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in the MVC/MVP/MVPC design pattern where do you put your business logic? No, I do not mean the ASP.NET MVC Framework (aka "Tag Soup").

Some people say you should put it in the "Controller" in MVC/MVPC or "Presenter". But, others think it should be part of the Model.

What do you think and why?

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In my opinion your question is missing some context. Do you mean MVC as an application wide pattern or as an UI pattern? –  Rookian Apr 13 '13 at 7:18

6 Answers 6

This is how I see it:

The controller is for application logic; logic which is specific to how your application wants to interact with the domain of knowledge it pertains to.

The model is for logic that is independent of the application. i.e. logic that is valid in all possible applications of the domain of knowledge it pertains to.

Hence nearly all business rules will be in the model.

I find a useful question to ask myself when I need to decide where to put some logic is "is this always true, or just for the part of the application I am currently coding?"

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+1: User interface is View/Controller -- it changes. Model is the essence. –  S.Lott Feb 10 '09 at 21:31
    
I think this is good. –  Patrick From An IBank Feb 11 '09 at 17:56

The way I have my ASP.NET MVC application structure the workflow looks like this:

Controller -> Services -> Repositories

The Services layer above is where all the business logic takes place. If you put your business logic in your Controller layer, you lose the ability to re-use that business logic in other controllers.

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I wish I could vote this up more ... I do the same thing. –  Martin Aug 17 '10 at 17:57
    
@Kevin When you say Services layer, do you literally mean SOA as in something like WCF/data services/etc.? Or is it implemented as just more code/classes that sit between your controller and repository? –  AaronLS Aug 11 '11 at 21:49
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@AaronLS I mean just another project that sits between my controller and repository. –  Kevin Pang Aug 12 '11 at 18:35
    
What do you mean by repositories in this case? Is this the layer with your models? –  Jim Jeffries Nov 8 '12 at 9:58

I don't believe it belongs in the controller, because once it's embedded there it can't get out.

I think MVC should have another layer injected in-between: a service layer that maps to use cases. It contains business logic, knows about units of work and transactions, and deals with model and persistence objects to accomplish its tasks.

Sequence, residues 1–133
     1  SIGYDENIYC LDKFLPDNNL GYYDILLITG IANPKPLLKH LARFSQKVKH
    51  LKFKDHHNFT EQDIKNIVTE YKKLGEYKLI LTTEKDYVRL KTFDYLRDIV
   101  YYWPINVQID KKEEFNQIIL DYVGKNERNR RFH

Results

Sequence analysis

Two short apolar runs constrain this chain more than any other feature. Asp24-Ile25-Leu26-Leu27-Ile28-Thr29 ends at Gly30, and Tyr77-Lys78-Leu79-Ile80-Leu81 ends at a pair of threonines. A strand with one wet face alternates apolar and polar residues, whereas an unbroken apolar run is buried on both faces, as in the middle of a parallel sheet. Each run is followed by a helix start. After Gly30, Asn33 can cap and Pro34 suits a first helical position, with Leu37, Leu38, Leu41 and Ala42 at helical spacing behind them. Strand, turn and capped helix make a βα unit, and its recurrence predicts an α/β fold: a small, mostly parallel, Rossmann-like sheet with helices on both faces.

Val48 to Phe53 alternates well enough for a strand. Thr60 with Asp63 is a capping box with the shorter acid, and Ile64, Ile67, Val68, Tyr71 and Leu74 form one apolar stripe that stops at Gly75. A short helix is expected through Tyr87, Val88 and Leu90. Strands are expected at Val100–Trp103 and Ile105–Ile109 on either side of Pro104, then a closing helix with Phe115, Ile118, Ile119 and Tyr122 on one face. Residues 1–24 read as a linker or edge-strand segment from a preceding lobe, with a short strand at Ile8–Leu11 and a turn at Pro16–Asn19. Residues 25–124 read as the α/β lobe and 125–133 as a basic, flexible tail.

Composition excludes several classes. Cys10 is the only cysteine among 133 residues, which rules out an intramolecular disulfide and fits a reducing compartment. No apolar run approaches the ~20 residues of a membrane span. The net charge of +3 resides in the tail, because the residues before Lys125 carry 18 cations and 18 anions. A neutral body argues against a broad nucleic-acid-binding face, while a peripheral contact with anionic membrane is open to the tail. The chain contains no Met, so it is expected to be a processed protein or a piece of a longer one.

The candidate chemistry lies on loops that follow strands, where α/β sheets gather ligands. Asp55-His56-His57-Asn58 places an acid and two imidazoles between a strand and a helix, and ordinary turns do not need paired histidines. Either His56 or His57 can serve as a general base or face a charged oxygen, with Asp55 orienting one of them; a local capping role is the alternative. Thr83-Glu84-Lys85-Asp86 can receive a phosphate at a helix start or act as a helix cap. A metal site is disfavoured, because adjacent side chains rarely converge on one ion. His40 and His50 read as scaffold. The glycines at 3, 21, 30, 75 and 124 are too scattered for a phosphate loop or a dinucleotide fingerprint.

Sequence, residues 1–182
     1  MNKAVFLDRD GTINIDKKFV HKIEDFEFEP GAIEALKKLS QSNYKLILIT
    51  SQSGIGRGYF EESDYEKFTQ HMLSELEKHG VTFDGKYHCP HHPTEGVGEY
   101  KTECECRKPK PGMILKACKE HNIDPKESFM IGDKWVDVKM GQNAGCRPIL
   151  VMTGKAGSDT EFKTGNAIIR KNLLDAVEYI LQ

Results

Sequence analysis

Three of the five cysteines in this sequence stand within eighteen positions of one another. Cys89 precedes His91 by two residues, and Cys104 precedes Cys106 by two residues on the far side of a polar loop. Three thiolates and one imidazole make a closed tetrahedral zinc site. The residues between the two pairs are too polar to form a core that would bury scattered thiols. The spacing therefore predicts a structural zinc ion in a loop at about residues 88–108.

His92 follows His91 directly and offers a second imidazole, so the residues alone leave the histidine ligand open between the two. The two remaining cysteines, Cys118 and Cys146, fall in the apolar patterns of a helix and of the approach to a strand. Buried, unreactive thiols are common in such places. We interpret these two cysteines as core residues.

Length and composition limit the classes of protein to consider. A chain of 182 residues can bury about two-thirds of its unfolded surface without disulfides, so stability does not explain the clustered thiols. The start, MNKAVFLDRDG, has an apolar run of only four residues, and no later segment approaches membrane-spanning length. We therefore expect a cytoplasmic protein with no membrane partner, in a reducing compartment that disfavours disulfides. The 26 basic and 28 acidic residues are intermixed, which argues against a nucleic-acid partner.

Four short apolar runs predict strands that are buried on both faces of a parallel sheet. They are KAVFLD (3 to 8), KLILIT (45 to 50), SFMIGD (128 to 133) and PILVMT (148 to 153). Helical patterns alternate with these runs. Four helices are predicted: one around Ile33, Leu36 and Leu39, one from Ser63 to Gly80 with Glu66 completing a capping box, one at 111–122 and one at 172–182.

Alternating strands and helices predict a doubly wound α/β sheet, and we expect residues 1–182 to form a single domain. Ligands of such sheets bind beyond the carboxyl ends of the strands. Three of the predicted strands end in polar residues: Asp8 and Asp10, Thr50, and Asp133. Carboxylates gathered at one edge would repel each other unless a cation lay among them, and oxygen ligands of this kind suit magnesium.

The controller has a reference to the service that it needs to fulfill its use case. It worries about unmarshalling requests into objects the service can deal with, calls the service, and marshals the response to send back to the view.

With this arrangement, the service is usable on its own even without the controller/view pair. It can be a local or remote object, packaged and deployed any way you wish, that the controller deals with.

The controller now becomes bound more closely to the view. After all, the controller you'll use for a desktop is likely to be different than the one for a web app.

I think this design is more service-oriented.

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Put your business logic in domain and keep your domain separte. I prefered Presenter -> Command (Message command use NServiceBus) -> Domain (with BC Bounded Context) -> EventStore -> Event handler -> Repository (read model). If logic is not fit in domain then use service layer.

Please read article from Martin fowler, Eric Evan, Greg Young and Udi dahan. They have define very clear picture.

Here is article written by Mark Nijhof : http://elegantcode.com/2009/11/11/cqrs-la-greg-young/

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+1 for an excellent article –  Doug Moscrop Mar 30 '12 at 1:28
    
The link to the article no longer exists. –  Celdor Nov 17 '14 at 7:53

For heaven's sake, put it in the model!!!!!

Of course some of the user interaction will have to be in the view, that will be related to your app and business logic, but avoid this as much as possible. Ironically following the principle of doing as little as possible as the user is 'working' in your GUI and as much during 'submit' or action requests makes for a better user experience and usability, not the other way around. At least for line-of-business apps.

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You can put it in two places. The Controller and in the Presentation layer. By having some of the logic in the Presentation layer, you can limit the number of requests back into the architecture which adds load to the system. Yeah, you have to code twice, but sometimes this is what you need for a responsive user experience.

I kinda like what was said here (http://www.martinhunter.co.nz/articles/MVPC.pdf)

"With MVPC, the presenter component of the MVP model is split into two components: the presenter (view control logic) and controller (abstract purpose control logic)."

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i see that PDF as 'forced' and artificial on the splitting presenter and controller logic in the given example. i find the explanation given in the aviadezra.blogspot.com/2008/06/… more appropriate where view delegates control immidiately to the presenter, and the GUI changes regarding the action executed are encapsulated in the 'action-related-UI-change methods' and called after the action has been done. –  zappan Jun 11 '09 at 21:00

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